Bose self-fitting hearing aid gets FDA approval
- FDA on Friday authorized the first self-fitting hearing aid that can be programmed without the help of a healthcare provider.
- The Bose Hearing Aid uses what is called wireless air conduction technology that captures sound vibrations through a microphone. The signal is processed, amplified and played back through an earphone in the ear canal. Patients can adjust the sound through a mobile phone application.
- In its statement announcing approval of the device, FDA said it is working to draft regulations for a new category of over-the-counter hearing aids in compliance with the FDA Reauthorization Act (FDARA) of 2017. The agency cleared the Bose Hearing Aid through its De Novo premarket review pathway for new low- to moderate-risk devices.
About 15% of U.S. adults, or 37.5 million people, have some degree of hearing loss. However, an estimated 86% of people who would benefit from hearing aids do not get them, primarily because of cost, according to the Hearing Loss Association of America. Medicare and most private insurers do not cover the devices.
To help make hearing aids more affordable and accessible, Congress incorporated the Over-the-Counter Hearing Aid Act into the FDARA in 2017. Sponsored by Sen. Elizabeth Warren, D-Mass., the legislation allowing people to buy hearing aids without a doctor’s prescription garnered strong bipartisan support. FDA is required to publish proposed regulations for the new category of hearing aids by Aug. 18, 2020.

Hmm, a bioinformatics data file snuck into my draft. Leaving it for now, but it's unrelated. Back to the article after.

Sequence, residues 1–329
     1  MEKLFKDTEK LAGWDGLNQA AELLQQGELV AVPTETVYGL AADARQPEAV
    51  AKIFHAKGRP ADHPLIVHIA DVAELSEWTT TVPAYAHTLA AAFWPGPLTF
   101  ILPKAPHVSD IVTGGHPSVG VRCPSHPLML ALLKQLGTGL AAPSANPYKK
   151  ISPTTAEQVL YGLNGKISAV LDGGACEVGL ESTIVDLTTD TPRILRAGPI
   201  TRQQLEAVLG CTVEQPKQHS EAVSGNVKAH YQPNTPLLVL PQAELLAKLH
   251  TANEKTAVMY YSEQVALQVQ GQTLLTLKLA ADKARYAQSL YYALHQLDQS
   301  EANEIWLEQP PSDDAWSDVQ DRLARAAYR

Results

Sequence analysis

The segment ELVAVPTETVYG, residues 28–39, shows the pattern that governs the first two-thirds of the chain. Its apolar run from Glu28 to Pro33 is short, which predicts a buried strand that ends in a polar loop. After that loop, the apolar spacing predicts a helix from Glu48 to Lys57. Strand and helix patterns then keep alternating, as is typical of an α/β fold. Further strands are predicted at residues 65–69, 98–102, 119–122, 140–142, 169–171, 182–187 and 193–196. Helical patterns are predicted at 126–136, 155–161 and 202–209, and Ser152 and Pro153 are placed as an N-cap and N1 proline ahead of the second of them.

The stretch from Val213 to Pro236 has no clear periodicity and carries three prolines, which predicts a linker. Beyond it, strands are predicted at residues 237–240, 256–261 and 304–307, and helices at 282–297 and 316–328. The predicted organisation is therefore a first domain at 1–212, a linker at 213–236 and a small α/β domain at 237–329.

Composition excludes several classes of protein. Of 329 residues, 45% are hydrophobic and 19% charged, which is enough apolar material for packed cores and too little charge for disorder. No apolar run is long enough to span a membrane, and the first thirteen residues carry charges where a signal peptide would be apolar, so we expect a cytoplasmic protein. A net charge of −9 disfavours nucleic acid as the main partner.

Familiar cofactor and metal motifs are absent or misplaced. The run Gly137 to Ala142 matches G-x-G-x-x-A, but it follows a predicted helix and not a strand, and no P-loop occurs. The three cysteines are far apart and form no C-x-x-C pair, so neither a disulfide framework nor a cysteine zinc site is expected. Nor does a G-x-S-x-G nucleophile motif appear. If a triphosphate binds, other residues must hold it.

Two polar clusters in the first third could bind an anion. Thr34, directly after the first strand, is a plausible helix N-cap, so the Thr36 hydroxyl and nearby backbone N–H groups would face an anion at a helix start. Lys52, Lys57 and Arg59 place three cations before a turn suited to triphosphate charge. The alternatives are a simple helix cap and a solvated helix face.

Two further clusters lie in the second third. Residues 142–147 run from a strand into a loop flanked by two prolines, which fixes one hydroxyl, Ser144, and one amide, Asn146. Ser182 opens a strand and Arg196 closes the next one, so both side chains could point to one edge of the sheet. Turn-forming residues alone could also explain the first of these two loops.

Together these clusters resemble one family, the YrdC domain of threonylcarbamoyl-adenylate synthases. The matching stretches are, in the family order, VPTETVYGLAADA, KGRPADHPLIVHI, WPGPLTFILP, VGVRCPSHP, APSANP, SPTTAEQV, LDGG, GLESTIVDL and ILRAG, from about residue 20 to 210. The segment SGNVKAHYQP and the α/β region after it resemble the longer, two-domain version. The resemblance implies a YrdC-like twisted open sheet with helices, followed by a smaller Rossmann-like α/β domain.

This July, FDA sent a letter to manufacturers cautioning them against characterizing their devices as over-the-counter hearing aids and reminding them that the OTC category does not exist yet. Hearing aids also differ from personal sound amplification products on the market that are intended for those with normal hearing.
Approval of the Bose Hearing Aid gives users "direct control over the fit and functionality of the device," said Malvina Eydelman, director of the Division of Ophthalmic, and Ear, Nose and Throat Devices at FDA's Center for Devices and Radiological Health. "The FDA is committed to ensuring that individuals with hearing loss have options for taking an active role in their health care," Eydelman said in a press release.
FDA reviewed data from clinical studies involving 125 patients that showed self-fitting of the Bose Hearing Aid was comparable to professional fitting for the amount of amplification selected, speech in noise testing and overall benefit. Patients also preferred the hearing aid settings they selected themselves over those chosen by a healthcare professional, FDA said. The Bose device includes labeling that informs consumers when to consult a doctor.
The device still must comply with state laws that require hearing aids to be purchased from a licensed hearing aid dispenser, FDA said. However a FDARA provision stating that no state or local law can be different from the regulations FDA establishes to govern over-the-counter hearing aids will take effect when the agency's final rule on the devices is published.